A new relationship whereby the UK is substantively committed to the IEM is likely to mean continuing some level of indirect application of relevant EU Regulations and Directives and involvement in bodies of regulatory cooperation (eg ENTSO-E) cemented through the terms of a bilateral agreement with the EU (for example like the Treaty Establishing the Energy Community). A variety of significant issues will need to be addressed around access to EU energy markets and it will be a challenge to achieve in the short time frame before Brexit, although the issues could be resolved during the UK Government's proposed 'implementation phase' which would span the period from Brexit until the details of the long term deal had been bottomed out.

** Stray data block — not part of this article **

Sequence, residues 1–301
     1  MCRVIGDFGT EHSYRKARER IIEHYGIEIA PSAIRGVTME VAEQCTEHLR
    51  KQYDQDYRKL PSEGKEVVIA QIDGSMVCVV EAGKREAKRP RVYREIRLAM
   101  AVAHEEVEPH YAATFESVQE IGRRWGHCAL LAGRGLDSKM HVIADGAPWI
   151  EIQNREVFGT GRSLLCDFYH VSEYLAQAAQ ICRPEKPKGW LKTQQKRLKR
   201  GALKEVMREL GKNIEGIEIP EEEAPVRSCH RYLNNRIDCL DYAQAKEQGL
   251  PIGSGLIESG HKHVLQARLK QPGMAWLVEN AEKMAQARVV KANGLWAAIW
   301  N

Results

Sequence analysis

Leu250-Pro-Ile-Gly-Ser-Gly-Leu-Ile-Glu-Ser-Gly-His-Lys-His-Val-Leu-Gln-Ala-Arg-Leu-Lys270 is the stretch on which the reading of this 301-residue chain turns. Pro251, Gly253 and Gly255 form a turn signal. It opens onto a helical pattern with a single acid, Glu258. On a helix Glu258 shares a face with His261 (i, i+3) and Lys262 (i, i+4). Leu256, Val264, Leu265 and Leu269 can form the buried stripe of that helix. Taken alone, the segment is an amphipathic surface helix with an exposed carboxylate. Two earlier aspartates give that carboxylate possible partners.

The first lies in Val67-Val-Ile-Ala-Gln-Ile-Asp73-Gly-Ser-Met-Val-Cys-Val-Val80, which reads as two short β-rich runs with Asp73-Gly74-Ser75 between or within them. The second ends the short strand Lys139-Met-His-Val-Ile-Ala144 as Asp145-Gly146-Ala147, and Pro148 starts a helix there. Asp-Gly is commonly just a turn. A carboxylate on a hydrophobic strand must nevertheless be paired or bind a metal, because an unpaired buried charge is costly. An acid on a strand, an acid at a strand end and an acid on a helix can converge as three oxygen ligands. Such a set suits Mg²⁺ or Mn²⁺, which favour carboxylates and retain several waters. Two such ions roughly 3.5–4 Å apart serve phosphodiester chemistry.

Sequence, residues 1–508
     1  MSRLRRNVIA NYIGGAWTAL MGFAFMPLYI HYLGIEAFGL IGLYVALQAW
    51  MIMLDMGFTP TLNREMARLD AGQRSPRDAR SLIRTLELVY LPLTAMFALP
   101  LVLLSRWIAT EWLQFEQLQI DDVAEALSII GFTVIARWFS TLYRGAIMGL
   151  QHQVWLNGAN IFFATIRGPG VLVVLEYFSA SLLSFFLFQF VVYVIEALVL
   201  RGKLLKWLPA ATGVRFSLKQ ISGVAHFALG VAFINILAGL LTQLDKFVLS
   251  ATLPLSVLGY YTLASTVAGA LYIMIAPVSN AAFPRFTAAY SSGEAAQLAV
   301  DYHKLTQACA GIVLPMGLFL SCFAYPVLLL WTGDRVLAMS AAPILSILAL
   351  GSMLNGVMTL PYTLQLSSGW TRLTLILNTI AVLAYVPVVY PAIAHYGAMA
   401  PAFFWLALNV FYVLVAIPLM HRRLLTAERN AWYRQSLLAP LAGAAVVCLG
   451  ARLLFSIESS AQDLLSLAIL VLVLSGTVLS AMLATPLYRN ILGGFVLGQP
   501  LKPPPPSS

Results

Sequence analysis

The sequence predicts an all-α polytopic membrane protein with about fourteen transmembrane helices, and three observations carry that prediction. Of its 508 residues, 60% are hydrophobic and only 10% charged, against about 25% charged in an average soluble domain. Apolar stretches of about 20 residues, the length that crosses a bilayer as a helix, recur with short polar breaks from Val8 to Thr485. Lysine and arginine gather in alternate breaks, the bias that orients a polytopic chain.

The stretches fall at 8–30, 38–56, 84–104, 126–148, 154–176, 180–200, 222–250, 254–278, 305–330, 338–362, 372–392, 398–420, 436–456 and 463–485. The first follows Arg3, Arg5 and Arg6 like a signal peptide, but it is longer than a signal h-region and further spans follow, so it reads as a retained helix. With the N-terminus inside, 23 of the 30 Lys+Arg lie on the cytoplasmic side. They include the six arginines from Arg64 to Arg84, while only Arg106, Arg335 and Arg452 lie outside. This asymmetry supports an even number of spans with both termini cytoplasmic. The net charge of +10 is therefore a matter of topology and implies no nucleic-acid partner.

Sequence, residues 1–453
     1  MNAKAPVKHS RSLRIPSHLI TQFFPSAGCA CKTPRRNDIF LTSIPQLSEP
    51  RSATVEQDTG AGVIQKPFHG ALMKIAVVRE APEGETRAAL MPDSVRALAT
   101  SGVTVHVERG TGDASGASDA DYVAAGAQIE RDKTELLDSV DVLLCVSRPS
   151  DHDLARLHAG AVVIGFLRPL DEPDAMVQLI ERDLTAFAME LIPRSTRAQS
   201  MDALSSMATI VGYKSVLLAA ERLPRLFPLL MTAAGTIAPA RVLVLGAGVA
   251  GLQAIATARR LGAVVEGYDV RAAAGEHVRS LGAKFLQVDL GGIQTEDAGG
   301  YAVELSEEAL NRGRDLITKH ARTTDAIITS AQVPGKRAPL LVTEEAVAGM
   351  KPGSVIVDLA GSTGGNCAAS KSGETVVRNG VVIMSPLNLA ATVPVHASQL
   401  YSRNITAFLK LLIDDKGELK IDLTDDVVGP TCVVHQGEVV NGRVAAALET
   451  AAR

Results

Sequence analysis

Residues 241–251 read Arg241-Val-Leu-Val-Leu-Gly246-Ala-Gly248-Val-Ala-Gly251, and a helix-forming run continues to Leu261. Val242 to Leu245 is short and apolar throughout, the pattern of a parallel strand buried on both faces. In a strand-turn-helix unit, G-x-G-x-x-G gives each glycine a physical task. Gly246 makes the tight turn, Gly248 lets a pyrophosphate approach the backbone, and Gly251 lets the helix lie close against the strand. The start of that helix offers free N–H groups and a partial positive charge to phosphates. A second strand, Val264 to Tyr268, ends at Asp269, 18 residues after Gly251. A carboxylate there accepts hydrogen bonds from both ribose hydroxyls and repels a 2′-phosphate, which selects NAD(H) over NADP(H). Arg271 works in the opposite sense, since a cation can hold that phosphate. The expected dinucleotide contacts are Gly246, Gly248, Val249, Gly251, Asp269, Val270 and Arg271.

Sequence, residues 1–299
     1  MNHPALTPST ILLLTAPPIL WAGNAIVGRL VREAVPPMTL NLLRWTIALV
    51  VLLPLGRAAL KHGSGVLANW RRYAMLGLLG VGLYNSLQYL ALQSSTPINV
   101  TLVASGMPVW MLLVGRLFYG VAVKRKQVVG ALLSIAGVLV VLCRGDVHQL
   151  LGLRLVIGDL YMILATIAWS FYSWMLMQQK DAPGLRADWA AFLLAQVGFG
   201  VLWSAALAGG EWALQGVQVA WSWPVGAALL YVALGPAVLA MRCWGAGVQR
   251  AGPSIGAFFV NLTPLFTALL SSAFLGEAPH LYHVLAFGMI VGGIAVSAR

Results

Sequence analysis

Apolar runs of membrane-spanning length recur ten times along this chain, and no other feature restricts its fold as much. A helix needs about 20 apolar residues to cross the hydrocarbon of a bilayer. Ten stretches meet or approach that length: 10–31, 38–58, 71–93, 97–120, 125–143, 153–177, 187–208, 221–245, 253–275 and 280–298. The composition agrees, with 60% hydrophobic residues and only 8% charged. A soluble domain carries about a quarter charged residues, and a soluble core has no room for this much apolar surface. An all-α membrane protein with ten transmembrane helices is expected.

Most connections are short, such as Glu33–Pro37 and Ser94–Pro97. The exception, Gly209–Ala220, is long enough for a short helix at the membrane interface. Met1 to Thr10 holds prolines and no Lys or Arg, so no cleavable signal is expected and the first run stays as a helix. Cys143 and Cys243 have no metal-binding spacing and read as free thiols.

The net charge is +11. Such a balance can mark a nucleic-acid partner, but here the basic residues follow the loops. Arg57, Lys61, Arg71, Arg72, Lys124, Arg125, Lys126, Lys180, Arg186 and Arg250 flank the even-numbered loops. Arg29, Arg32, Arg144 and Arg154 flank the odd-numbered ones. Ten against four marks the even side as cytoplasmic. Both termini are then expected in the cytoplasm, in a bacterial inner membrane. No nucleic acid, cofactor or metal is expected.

Despite its name, the UK government's “Great Repeal Bill”, will seek to ensure that most EU law currently applicable in the UK remains UK law after Brexit, with change after that being a gradual process. This should reduce uncertainty for business. However, this cannot completely replicate the present situation as, for example, UK legislation cannot bind the remaining EU Member States to recognise UK conformity under that legislation.
The need for clarity
Irrespective of the UK Government's approach to Brexit, the fundamental need for “the lights to stay on” – affordably and with reduced emissions – remains. Investment will still need to be incentivised to replace or enhance ageing infrastructure across electricity generation, grid upgrades and the UKCS.